I have always wondered if there is a firm rule published anywhere on when a study becomes too old?
The Maki study saying that PICC lines have high infection rates wasÂ published in chest 2005.Â The data was collected in 1998 and the catheters used were not placed with ultrasound or MST and the tips were not central.Â The PICC lines did not get chlorhexidiene or biopatchs or full barrier placement.Â Is this study obselete?
The grove study that everyone brings out was published in 2000 or 2001 and the PICC lines placed were silicone.Â The RN placements were not placed with ultrasound or MST and were not even x-rayed as some were midclavicular.Â The data was collected in the late 1990's.Â
At AVA a study was presented by Monreal from 1994 from Spain on a 15.3% PE rate for upper arm catheters.Â The catheters were made from poly vinyl chloride which was discontinued in the US in the 80's however there were also silicone lines as well.Â The midlines were made of PVC.Â PVC was very stiff and caused a higher rate of infection in the old literature and was discontinued in the US.Â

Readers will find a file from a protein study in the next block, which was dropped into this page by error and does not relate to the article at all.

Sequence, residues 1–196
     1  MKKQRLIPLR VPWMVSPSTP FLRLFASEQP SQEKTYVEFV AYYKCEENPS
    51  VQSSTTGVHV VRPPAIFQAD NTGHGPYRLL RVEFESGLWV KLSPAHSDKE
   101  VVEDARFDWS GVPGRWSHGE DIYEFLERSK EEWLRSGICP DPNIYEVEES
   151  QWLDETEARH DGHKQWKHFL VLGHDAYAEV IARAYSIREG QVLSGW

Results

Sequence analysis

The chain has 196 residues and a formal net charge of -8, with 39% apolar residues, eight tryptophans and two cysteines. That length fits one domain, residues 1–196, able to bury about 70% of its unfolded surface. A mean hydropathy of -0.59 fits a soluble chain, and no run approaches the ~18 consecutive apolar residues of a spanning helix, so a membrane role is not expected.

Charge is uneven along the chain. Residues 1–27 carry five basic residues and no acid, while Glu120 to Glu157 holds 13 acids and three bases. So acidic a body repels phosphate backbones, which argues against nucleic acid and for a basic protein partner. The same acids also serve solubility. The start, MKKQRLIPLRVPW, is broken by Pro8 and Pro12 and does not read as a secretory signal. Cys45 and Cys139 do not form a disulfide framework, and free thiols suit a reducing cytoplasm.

Back to the point at what point does a study become too old to use.Â At what point isÂ a study no longer valid.Â Â Technology changes but we are pulling out studies with old technology to validate rationales and assumptions.Â
Is there a rule?Â I just bought a book by Dotter on IV Therapy from 1924 so I thought I would pull some rationale to use today from that book.Â I am sure all of the info is still valid.
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